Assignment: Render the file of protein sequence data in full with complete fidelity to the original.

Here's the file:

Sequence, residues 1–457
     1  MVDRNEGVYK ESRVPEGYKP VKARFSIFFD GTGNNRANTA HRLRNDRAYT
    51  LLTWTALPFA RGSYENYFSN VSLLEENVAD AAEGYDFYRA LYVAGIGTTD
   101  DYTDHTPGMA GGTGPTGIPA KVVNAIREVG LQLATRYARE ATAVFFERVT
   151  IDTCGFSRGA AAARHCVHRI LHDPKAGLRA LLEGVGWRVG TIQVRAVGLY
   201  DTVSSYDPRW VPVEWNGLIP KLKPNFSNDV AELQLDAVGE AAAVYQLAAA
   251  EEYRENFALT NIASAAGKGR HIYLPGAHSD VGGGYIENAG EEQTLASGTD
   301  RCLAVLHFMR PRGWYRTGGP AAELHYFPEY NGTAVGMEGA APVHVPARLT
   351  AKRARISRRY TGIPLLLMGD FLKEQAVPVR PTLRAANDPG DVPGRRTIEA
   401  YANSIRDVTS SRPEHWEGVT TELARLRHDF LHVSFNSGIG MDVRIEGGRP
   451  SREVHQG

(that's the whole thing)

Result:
Sequence, residues 1–457
     1  MVDRNEGVYK ESRVPEGYKP VKARFSIFFD GTGNNRANTA HRLRNDRAYT
    51  LLTWTALPFA RGSYENYFSN VSLLEENVAD AAEGYDFYRA LYVAGIGTTD
   101  DYTDHTPGMA GGTGPTGIPA KVVNAIREVG LQLATRYARE ATAVFFERVT
   151  IDTCGFSRGA AAARHCVHRI LHDPKAGLRA LLEGVGWRVG TIQVRAVGLY
   201  DTVSSYDPRW VPVEWNGLIP KLKPNFSNDV AELQLDAVGE AAAVYQLAAA
   251  EEYRENFALT NIASAAGKGR HIYLPGAHSD VGGGYIENAG EEQTLASGTD
   301  RCLAVLHFMR PRGWYRTGGP AAELHYFPEY NGTAVGMEGA APVHVPARLT
   351  AKRARISRRY TGIPLLLMGD FLKEQAVPVR PTLRAANDPG DVPGRRTIEA
   401  YANSIRDVTS SRPEHWEGVT TELARLRHDF LHVSFNSGIG MDVRIEGGRP
   451  SREVHQG